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Dial boxes

Created by Olli Niemitalo on 2014-04-01, last modified 2014-04-01

I obtained a few Silicon Graphics (SGI) dial boxes. They have RS-232 serial port interfaces. I figured out the pinouts based on the circuit boards and plan to use these as controllers for some audio generators. Some of the PCB is blank and could be removed to clear room for buttons and an additional audio generator processor to interface directly with the processors in these units using a 5 V serial interface, bypassing the RS232 driver/receiver chips.

SGI DLS80-1022

SGI DLS80-1022 Dial box (Photo CC BY-SA 3.0 Tpikonen)

SGI DLS80-1022 Dial box (Photo CC BY-SA 3.0, 2009 by Tpikonen)

The DLS80-1022 dial box (PCB: 109202-0001, Rev D) has a Motorola MC68HC705C8a processor, a Texas Instruments uA9636 driver and uA9637 receiver. The pinout at the DE-9 port is:

  1. POWER IN +12 V
  2. NC
  3. POWER IN +5 V
  4. GND
  5. SERIAL OUTPUT (±12 V)
  6. NC
  7. SERIAL INPUT
  8. NC
  9. POWER IN -12 V

Eight rotary encoders with thin metallic chopper wheels are built on the PCB. They are attached using Torx screws that have been set really tight. The enclosure is also closed using Torx screws but these came off easily even with a hex bit.

SGI SN-921

SGI DLS80-1022 (Photo CC BY-SA 3.0  2009 Tpikonen)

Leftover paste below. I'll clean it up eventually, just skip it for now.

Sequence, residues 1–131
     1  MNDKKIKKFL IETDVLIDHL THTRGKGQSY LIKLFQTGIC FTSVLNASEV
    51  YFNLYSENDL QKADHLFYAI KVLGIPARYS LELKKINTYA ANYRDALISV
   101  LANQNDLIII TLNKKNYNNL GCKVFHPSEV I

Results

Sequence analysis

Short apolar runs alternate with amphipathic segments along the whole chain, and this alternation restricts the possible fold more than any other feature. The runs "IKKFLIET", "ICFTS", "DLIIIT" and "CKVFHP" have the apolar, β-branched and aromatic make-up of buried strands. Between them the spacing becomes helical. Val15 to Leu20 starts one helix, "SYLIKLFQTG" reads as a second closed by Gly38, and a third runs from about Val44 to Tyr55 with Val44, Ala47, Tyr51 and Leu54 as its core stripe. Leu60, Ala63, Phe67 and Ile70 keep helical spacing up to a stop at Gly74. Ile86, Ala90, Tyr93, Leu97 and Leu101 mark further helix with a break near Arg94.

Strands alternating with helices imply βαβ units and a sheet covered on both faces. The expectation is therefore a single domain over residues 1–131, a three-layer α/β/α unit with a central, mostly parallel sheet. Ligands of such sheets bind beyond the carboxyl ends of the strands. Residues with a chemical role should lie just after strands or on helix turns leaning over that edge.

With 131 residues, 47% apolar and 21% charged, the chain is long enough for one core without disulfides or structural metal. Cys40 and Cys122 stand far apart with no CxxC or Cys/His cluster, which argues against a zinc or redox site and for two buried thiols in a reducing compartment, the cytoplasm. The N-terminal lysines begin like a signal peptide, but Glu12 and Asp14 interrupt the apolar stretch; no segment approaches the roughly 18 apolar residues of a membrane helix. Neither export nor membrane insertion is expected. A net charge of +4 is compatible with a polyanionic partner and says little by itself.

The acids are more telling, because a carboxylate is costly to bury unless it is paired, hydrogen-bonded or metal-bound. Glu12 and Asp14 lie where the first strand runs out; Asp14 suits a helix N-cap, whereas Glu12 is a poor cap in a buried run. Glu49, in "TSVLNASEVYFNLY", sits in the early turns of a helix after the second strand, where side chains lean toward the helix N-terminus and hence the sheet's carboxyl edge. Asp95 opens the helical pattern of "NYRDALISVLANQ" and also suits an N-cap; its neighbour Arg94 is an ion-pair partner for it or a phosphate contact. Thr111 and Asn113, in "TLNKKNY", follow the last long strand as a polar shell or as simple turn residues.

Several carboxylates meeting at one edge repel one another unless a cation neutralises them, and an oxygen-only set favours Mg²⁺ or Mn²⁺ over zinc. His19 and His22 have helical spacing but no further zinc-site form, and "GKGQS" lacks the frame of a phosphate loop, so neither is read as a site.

SGI DLS80-1022 Dial Box (Photo CC BY-SA 3.0, 2009 by Tpikonen)

The SN-921 dial box (PCB: 37020-0841-03, DIAL2, Seiko Instruments Inc., MADE IN JAPAN) has a HD6301X0D64P processor and a Linear Technology LT1081CN driver-receiver. The pinout at the DE-9 port is:

  1. GND
  2. SERIAL OUTPUT (±9 V)
  3. SERIAL INPUT
  4. POWER IN +5 V
  5. POWER IN +5 V
  6. NC
  7. NC
  8. GND
  9. NC

There are eight easily removable COPAL RES20-50-200 rotary encoders in the unit. The ±9 V serial port output voltage is generated from +5V by a charge pump in LT1081CN. The +5 V power can be alternatively supplied through a separate power connector.

2 Comments »

  1. Looks like i have the SN-921 and keyboard. Any chance I could get this thing to work on a windows machine? Maybe a Raspberry PI? Thanks! ~Shawn (Melrose, MA)

    Comment by Shawn Faherty — 2015-10-30 @ 18:44

  2. WHOA
    Now I have to dig mine out and see if the models match!

    Comment by Sarg — 2016-06-23 @ 10:02

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